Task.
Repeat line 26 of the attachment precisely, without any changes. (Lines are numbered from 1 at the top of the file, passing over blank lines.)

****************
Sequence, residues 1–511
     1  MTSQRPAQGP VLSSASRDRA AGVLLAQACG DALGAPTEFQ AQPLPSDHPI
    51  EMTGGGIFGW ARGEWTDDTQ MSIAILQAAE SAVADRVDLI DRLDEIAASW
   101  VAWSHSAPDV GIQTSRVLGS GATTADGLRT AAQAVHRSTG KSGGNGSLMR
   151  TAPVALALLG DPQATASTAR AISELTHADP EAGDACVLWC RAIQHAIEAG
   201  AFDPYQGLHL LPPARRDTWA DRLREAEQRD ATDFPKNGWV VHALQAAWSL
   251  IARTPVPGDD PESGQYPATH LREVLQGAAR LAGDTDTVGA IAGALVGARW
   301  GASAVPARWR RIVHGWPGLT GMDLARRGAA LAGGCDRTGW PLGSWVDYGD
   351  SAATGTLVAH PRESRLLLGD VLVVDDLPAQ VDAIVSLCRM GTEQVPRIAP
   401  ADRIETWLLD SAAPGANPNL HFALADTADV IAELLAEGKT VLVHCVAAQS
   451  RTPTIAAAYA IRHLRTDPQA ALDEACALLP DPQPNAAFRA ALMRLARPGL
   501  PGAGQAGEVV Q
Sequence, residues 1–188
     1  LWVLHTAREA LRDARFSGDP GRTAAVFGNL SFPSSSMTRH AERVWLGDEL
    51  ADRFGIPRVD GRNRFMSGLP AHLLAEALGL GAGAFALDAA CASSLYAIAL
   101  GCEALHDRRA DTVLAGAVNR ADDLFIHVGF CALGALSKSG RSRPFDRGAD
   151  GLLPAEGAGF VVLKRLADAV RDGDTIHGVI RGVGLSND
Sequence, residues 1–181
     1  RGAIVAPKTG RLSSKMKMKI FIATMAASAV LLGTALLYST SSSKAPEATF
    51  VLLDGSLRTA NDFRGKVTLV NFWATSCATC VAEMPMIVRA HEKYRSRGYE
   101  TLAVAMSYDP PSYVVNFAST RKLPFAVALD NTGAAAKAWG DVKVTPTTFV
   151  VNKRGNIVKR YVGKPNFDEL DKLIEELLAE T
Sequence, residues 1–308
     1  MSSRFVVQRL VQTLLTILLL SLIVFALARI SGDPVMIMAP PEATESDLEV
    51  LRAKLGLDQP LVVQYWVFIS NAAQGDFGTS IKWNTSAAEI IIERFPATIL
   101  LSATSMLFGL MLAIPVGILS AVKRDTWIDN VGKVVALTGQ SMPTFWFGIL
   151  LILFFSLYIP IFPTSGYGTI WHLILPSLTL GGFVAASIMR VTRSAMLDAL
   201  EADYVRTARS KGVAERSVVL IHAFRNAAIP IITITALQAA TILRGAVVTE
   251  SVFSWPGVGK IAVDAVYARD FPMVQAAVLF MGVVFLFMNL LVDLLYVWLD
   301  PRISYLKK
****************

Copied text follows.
   101  LSATSMLFGL MLAIPVGILS AVKRDTWIDN VGKVVALTGQ SMPTFWFGIL